WILMINGTON, Del.—In a major shakeup, DuPont Co. is changing its top management less than a year after becoming an independent company again.
CEO Marc Doyle is being replaced by Chairman Ed Breen, who previously also held the CEO role. Chief Financial Officer Jeanmarie Desmond also is out, replaced by Lori Koch, the firm's vice president of investor relations, corporate financial planning and analysis.
Both appointments are effective immediately, officials said in a Feb. 18 news release. They added that the board of directors at Wilmington-based DuPont "has made these leadership changes to accelerate operational performance improvement and to more directly tap Ed Breen's significant management experience."
Breen joined DuPont in 2015 after a long career in management, including stints at Tyco International and Motorola. Since joining DuPont, he "led the company through an extensive transformation to further unlock the potential of its distinctive capabilities, innovative portfolio and deep customer relationships," Alexander Cutler, head independent director, said in a news release.
"After careful consideration, the board concluded now is the right time to make these leadership changes, including restoring Ed to the chief executive role to draw more directly on his substantial operating experience," Cutler said.
"The board is confident that, together, Ed and Lori will improve operational performance and ensure DuPont fully delivers on its significant potential for long-term value creation," he said.
Koch has been with DuPont for 17 years, including stints leading finance for several multi-billion-dollar business units including Packaging and Industrial Polymers, Performance Polymers and Performance Materials.
Breen said that he and the board "deeply appreciate Marc and Jeanmarie's significant contributions over decades of service to the company."
"Most recently, they led the company through a period of important transition, and we are grateful for their dedication to DuPont over the course of their careers," he added.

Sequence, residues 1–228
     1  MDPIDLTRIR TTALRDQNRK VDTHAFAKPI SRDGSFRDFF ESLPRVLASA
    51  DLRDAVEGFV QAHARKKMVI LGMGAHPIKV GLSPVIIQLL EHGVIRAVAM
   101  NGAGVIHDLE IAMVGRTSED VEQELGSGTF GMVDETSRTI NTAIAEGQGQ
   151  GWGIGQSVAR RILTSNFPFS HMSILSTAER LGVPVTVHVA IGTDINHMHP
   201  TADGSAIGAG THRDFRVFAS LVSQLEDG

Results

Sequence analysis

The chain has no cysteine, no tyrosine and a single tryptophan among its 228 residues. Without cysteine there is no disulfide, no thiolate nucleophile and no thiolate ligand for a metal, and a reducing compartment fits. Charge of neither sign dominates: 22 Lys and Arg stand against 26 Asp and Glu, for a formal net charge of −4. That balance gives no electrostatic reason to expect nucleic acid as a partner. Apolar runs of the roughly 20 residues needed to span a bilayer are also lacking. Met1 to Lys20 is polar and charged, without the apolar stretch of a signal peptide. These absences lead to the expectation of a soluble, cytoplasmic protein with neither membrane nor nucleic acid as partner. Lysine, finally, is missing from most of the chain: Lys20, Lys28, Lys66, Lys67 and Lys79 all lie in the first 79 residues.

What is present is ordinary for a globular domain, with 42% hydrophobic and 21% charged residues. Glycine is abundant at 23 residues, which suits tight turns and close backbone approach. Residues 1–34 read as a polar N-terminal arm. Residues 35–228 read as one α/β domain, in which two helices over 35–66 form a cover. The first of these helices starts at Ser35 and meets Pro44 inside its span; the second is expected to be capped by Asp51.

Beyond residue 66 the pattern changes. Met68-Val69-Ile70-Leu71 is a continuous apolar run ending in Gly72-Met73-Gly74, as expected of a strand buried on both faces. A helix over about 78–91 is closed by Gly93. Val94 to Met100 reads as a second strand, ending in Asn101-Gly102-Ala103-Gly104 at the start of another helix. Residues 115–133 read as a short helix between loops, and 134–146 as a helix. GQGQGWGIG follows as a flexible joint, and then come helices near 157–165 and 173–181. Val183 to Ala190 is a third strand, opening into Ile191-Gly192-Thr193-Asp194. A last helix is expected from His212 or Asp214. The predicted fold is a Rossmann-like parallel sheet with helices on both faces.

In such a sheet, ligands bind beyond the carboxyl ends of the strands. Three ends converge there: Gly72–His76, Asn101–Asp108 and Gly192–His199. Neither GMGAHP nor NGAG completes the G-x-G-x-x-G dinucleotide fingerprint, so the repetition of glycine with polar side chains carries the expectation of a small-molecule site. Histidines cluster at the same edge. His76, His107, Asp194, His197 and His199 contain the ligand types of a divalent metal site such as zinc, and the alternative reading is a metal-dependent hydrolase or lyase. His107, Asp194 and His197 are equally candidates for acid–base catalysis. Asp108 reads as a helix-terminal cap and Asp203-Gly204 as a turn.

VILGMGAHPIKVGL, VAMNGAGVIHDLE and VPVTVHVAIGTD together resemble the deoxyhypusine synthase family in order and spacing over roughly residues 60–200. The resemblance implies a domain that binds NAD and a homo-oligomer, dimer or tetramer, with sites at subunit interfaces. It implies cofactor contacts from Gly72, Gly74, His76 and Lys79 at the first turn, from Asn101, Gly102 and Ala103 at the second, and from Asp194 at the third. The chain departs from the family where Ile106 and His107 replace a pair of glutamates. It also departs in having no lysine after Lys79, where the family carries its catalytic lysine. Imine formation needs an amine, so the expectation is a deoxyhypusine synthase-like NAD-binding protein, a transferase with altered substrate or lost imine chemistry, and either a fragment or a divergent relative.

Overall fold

Doyle had been with DuPont for 25 years, serving as chief operating officer for Specialty Products before being named CEO in June 2019. Desmond's DuPont career covered 31 years, most recently as co-controller and head of finance for Specialty Products before becoming CFO.
Breen also said that while DuPont "made some progress" in 2019, the firm "did not meet our own expectations, and we now need to move aggressively to secure our foundation for growth.
"We have solid businesses, but … we need to accelerate operational improvement and make sure we are taking appropriate action to deliver on our commitments for the year," he added.
Breen will leave his position on the board of directors of DuPont spinoff Corteva in order to focus on DuPont.
DuPont became an independent company again on June 1 after a two-year merger with Dow Inc. That split also created an independent Dow and Corteva, an independent firm focused on agricultural products.
Former DuPont CFO Nick Fanandakis also will return to the firm to serve as senior advisor to the CEO, with a focus on driving the restructuring effort. Officials added that DuPont "will continue to advance the initiatives announced on its fourth quarter and year-end 2019 conference call to assure that its organizational and cost structures are right sized to reflect the ongoing portfolio changes."
DuPont's sales were down almost 5 percent to $21.5 billion for full-year 2019. The firm's 2019 profit of $600 million was down 85 percent from 2018. Doyle said in a Jan. 30 news release that DuPont's full-year results "demonstrate our ability to offset challenging global macro conditions by focusing on the levers within our control."
But he also said that, as DuPont went into 2020, company officials "foresee further nylon pricing declines and unfavorable nylon mix partially offsetting organic revenue growth in our other core segments." He added that the firm "continues to strategically reduce spending and are taking actions to consolidate our asset footprint."
DuPont's Transportation & Industrial unit, including nylon and other engineering resins, saw 2019 sales fall almost 9 percent to $4.95 billion, with pretax profit down 13.5 percent to $1.3 billion.
The firm's Safety & Construction unit posted 2019 sales of $5.2 billion. That amount was down almost 2 percent, but the unit's pretax profit jumped almost 11 percent to $1.4 billion.
Safety & Construction was the second-largest of DuPont's five operating units in 2019, representing more than 24 percent of sales. Transportation & Industrial was third in that same comparison with a 23 percent share of sales.
Wall Street reaction to DuPont's fourth-quarter results was negative, sending the firm's per-share stock price down almost 9 percent to $52.72 on Jan. 30. The price was near $53.40 in early trading Feb. 20. It had been above $66 in mid-December.